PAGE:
Matrix of Modernity

Roy Porter discusses how the British Enlightenment paved the way for the modern world.

This millennium year led historians to address moments in the past which represent epochs in human affairs. The Enlightenment comprised such a turning-point, since it secularised the world-view and trained eyes and attention towards the future. British thinkers played an influential part in this intellectual revolution – though that is a contribution often ignored or played down, by contrast to that of France.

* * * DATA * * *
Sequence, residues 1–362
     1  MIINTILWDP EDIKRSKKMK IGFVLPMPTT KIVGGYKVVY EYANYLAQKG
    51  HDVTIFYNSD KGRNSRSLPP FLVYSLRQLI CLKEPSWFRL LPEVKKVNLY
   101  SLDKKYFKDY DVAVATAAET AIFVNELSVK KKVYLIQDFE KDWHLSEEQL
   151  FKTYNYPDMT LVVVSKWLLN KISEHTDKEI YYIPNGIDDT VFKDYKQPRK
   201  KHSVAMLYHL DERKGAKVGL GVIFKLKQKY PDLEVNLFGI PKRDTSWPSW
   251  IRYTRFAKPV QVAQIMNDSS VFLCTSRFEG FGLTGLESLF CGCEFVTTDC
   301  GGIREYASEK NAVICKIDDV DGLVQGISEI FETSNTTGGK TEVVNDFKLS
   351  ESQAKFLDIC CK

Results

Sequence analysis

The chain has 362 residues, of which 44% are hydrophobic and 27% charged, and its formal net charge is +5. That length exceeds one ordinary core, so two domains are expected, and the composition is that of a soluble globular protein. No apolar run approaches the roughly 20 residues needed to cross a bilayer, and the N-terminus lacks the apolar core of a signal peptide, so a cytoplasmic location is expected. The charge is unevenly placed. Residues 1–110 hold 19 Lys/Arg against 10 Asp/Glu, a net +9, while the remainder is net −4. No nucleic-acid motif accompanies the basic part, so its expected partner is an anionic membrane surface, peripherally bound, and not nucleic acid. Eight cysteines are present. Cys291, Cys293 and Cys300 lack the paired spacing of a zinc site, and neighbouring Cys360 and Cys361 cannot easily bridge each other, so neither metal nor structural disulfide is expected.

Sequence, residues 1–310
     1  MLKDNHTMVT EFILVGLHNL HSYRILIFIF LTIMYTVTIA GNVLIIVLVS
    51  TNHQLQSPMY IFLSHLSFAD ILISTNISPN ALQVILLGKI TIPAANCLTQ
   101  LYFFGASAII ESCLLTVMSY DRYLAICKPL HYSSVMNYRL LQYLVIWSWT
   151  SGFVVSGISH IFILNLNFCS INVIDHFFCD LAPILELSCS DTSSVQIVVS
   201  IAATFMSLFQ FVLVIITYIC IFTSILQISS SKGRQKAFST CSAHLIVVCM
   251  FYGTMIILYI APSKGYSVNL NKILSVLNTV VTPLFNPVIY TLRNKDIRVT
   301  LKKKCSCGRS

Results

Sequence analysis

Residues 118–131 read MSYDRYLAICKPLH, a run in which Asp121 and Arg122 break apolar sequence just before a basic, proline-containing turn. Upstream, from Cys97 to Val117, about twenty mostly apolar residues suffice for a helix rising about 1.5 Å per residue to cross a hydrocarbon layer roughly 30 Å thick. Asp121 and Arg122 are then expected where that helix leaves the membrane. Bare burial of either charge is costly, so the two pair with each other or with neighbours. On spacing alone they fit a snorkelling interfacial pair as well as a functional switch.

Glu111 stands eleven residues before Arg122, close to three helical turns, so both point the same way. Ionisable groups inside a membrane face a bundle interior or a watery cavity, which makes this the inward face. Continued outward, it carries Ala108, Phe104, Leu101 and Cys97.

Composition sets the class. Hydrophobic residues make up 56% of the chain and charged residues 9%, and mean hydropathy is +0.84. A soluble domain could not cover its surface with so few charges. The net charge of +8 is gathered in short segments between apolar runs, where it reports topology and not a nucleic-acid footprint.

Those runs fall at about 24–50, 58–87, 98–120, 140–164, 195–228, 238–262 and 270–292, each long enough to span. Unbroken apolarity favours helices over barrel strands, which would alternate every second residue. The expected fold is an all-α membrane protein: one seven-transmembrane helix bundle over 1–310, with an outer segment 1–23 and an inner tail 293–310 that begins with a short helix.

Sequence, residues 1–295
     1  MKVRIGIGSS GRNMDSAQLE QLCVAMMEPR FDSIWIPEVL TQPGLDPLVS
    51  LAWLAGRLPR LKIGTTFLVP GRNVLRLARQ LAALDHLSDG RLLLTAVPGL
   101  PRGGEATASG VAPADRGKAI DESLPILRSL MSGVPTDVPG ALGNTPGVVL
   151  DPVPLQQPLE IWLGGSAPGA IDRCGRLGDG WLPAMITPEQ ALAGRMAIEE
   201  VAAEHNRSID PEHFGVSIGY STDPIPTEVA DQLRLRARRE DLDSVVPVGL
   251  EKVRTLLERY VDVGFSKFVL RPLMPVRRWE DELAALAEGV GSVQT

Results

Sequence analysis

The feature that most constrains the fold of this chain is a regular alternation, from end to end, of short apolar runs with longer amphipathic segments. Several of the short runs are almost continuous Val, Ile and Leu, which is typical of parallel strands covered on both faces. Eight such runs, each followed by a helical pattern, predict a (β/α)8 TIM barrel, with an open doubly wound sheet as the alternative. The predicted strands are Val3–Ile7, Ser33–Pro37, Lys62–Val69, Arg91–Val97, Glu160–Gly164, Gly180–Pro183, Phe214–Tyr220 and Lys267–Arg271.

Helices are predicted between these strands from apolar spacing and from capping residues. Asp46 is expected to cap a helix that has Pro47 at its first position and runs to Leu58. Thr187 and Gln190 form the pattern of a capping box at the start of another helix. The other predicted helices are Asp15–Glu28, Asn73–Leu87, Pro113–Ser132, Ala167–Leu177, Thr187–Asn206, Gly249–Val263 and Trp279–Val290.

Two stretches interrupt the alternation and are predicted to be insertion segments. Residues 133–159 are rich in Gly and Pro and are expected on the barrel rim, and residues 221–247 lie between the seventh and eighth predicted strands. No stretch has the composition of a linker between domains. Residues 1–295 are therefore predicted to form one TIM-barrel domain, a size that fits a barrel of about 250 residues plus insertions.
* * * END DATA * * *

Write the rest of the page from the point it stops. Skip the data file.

In the eighteenth century, attention became focused, perhaps for the first time ever, on the future rather than the past, and the drive to create a better future generated a belief in progress. The achievements of scientists like Isaac Newton (1642-1727) and philosophers like John Locke (1632-1704) bred new faith in man’s right and power to achieve knowledge of himself and the natural world, and encouraged practical action in such fields as overseas exploration, technology, manufactures, social science and legal reform. Philosophers became committed to the ending of religious strife, bigotry, ignorance, prejudice and poverty, and the creation of polite new social environments and lifestyles.

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